It's been a long time since I posted here. The cycling season ground down - too slow, and too soon. My outdoor miles squeaked just over 2,300. OK for a pedestrian, but far fewer than I like, and definitely undeserving of the name "cyclist." (A term which I have stopped accepting for myself, and never use!)
One way I've kept visiting this site is a little tally of "most recent rides/runs." Yep, runs. More on that later.
Busy, busy, busy. But with the little bit of cycling that ended the fall, I did enjoy some interesting cycling reading. Which, come to think of it, maybe I should have put off until a day like today - 3 inches of new-fallen snow, beginning to look a lot like Christmas - and ridden instead!
Pedaling Revolution by Jeff Mapes (OSU Press, 2008) is subtitled "How Cyclists are Changing American Cities." Mapes is senior political reporter for The Oregonian. He is an active cyclist (commuter and advocate). Through the book he explores the cycling culture of leading bike-friendly cities, Amsterdam, and cities where the culture is changing toward bike friendliness. Along the way he talks to, and rides with, bicycle advocates (extremists and pragmatists), politicians (my favorite, no doubt from my decade-plus sojourn in MN, is congressman Jim Oberstar, D MN - or, technically DFL, MN), city planners (both established and working on it), and everyday riders (powerful and hoi polloi). He commuted with people in his home town, and in Manhattan; he rode in more than one Critical Mass ride; he traveled to Holland and Denmark to see what they have done to shake free of the automobile, and how it those efforts are paying off.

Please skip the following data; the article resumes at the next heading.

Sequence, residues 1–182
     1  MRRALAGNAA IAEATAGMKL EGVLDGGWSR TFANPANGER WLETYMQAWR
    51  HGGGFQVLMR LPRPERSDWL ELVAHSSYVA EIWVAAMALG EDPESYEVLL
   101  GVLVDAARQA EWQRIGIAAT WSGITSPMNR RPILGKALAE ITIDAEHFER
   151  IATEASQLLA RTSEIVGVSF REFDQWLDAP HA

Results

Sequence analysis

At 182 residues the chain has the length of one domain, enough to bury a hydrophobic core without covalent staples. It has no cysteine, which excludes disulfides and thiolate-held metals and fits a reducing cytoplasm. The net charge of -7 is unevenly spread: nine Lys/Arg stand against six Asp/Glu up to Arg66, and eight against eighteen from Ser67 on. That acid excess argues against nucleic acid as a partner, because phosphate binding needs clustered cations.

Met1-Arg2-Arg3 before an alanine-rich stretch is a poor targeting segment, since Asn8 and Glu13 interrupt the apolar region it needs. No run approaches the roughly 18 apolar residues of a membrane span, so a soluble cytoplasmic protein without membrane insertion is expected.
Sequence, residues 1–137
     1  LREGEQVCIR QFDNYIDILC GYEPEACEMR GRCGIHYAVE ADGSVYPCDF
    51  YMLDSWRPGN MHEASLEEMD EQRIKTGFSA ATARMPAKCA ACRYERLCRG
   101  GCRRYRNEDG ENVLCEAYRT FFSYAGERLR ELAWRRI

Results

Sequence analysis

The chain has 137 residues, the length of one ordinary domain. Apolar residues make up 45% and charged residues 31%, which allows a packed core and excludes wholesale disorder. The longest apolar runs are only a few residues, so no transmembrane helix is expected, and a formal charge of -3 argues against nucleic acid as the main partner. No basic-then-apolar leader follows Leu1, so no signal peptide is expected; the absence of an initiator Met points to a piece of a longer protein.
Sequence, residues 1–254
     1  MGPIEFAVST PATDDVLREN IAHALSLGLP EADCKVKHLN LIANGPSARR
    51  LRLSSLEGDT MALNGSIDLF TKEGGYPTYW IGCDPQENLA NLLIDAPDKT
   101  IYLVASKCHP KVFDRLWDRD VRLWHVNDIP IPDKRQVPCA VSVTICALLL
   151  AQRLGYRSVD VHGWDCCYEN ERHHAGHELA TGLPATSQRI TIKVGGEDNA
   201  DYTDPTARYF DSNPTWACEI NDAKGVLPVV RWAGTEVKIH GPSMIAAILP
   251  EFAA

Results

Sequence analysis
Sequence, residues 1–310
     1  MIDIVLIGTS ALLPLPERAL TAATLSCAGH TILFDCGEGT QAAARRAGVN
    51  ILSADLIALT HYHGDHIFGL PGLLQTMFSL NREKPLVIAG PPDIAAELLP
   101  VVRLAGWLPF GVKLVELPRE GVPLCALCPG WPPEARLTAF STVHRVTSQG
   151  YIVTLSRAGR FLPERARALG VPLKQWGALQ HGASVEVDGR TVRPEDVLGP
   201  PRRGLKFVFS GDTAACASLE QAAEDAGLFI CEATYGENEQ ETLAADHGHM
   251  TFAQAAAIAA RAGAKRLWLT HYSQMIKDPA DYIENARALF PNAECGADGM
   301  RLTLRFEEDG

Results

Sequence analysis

Adding to my pleasure with Pedaling Revolutionwas reading it while on a trip to Portland, OR, my favorite cycling city, Mapes' home town, and a highly rated cycling mecca.
I am recommending the book to all who take cycling seriously, who are interested in urban planning, who love pedestrians, who endorse human-scale civil engineering, and who dare to think something can be done at the individual and community level to make a dent in our ecological jeopardy. It is engagingly written, and - this is a non-activist writing here - has been more succsessful than anything I've read to nudge me toward taking part in local and regional cycling issues.
Now, if I can just get out and ride!!